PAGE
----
The title of Manikandan’s new film – Kutrame Thandanai (Crime is Punishment) – may appear to knock on Dostoevsky’s door, but the film owes more to Alfred Hitchcock and Rear Window. At least for a while. The opening scenes are set in a crowded tenement complex, and we observe the goings on from the vantage of Ravi’s (Vidharth) flat, just as we followed James Stewart’s point of view. As in the older film, a neighbour ends up murdered. And the protagonist is limited by a condition. In Stewart’s case, it was a foot-fracture. Ravi suffers from tunnel vision. He can only see what’s directly ahead, which appears as a small circle in a sea of black. It’s like a freeze-frame of an iris shot.
But unlike the Stewart character, Ravi barely manages a living. He’s a collection agent who goes after overdue credit-card payments. But the bigger difference is that Rear Window concerned itself with the murder and apprehending the perpetrator, while Kutrame Thandanai is after something more… existential. No, nothing as crass as Ravi being haunted by his actions (though Nasser does play something of a conscience-keeper, dropping aphorisms like “Edhu thevayo adhaan dharmam”), but there’s the sense of an inner rumbling, a practical man-of-today’s grappling with the impulse to do the right thing – not in the cosmic sense, but simply for himself. Ravi needs money for an eye surgery. He’s seen people coming and going into the victim’s house. (Pause for a second to savour the irony: a near-blind man is the sole eyewitness.) And he seizes the opportunity for extortion. It’s tunnel vision of another kind. Ravi has eyes only for his own problems.
The set up is terrific. Manikandan is a careful, thoughtful filmmaker who never oversells a moment. The scene where Ravi reveals that he’s had this condition from childhood, that he thought this is how everyone sees, is so ripe for emotional manipulation – but it remains just information, something we need to know about the character. (Vidharth is superb; he brings to life a beaten man who doesn’t really complain, but can’t help wishing fate had been kinder.) The film charts Ravi’s journey, and Manikandan makes us see everything through the tunnel of Ravi’s vision. At first I wondered why we learn so little about the Pooja Devariya character. She’s Ravi’s colleague. She has a brother who hits her up for booze money. And then? But that’s all Ravi sees. What Ravi doesn’t know, we don’t know either. (Which is why a voiceover-like confession by the Rahman character, the victim’s boss, sounds odd. It comes off like a hasty device to tide the audience over a plot point.)
Devariya is excellent, as are Marimuthu (as a cop, again!) and Guru Somasundaram, who nails the smarminess of a lawyer’s assistant. (Just listening to him sheepishly tell Ravi who he is made me laugh.) Aishwarya Rajesh plays the victim, an ethereal presence with refreshingly earthbound values. She’s unapologetic about her choices – just like Ravi. Their “crimes” result in punishments, but without the moralistic finger-wagging we’ve come to expect from Tamil cinema. Manikandan’s touch is feather-light. He’s not saying, “Look, this is what happens if you do these things.” He’s just saying, with a shrug of the shoulders, “Shit happens sometimes.”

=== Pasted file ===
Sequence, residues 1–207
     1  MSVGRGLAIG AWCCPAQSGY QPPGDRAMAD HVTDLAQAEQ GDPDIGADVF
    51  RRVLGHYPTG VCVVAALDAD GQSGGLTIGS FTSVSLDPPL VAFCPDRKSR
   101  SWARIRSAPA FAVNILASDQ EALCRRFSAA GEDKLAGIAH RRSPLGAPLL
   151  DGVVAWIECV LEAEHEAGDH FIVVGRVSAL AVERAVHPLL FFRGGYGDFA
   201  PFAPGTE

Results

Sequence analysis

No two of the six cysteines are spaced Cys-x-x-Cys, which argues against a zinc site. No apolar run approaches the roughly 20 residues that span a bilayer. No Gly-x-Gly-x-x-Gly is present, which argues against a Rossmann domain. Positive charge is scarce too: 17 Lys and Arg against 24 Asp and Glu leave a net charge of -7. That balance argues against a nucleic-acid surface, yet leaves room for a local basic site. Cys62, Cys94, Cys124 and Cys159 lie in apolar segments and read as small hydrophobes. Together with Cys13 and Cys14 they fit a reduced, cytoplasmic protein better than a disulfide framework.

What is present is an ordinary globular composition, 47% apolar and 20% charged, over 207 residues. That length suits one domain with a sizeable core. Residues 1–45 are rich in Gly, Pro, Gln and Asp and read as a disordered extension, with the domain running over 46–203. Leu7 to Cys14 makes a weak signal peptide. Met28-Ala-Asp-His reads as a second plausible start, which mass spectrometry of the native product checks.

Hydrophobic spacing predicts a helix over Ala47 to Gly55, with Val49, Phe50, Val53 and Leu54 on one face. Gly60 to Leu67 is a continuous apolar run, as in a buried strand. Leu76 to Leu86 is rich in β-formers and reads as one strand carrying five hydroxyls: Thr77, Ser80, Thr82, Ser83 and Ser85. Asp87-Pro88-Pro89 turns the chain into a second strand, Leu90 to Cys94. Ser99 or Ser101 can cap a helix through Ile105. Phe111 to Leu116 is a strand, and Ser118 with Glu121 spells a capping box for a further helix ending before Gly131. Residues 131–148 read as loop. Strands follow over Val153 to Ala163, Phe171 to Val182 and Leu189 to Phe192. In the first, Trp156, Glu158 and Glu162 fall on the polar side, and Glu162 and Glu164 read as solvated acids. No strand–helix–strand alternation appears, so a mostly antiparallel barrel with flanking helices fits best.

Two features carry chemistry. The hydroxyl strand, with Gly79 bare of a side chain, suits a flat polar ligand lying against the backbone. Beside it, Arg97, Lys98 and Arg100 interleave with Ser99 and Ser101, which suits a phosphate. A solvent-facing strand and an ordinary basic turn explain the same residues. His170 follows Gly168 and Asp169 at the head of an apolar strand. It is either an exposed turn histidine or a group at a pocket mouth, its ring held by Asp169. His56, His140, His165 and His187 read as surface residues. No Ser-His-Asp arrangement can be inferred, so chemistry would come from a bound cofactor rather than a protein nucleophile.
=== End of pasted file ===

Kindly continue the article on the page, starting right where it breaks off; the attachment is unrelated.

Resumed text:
And yet. I can’t put my finger on it, but the magic of Kaaka Muttai is missing. It’s probably unfair to compare the films, as they’re so different and a shades-of-grey protagonist is certainly tougher to warm up to than two adorably twinkly-eyed children – but things don’t come together as organically here. After a point, the writing is strained. The last few minutes are crammed with needless twists. Okay, let me rephrase that. These “sensational” revelations – one about the victim, one about Ravi’s condition – belong in a different movie.
But there’s at least one similarity between the films – their music, too, belongs in a different movie. It’s wonderful to have Ilayaraja writing for the guitar again, and these understated passages beautifully capture the ebb and flow of Ravi’s inner world. But elsewhere, the music is too dramatic. The story is steeped in matter-of-fact philosophy. The score keeps saying, “This is a nail-biting murder mystery.” Manikandan’s sensibility is starker than the scores for Kutrame Thandanai and Kaaka Muttai suggest. The music sentimentalises these films – perhaps intentionally, to make them more “audience-friendly.” But I can’t shake off the feeling that the truest way to experience this director’s vision is to watch his films on mute.
- kutrame thandanai = crime is punishment
- Kaaka Muttai = see here
- Rear Window = see here
- “Edhu thevayo adhaan dharmam” = What we need, that’s dharma.
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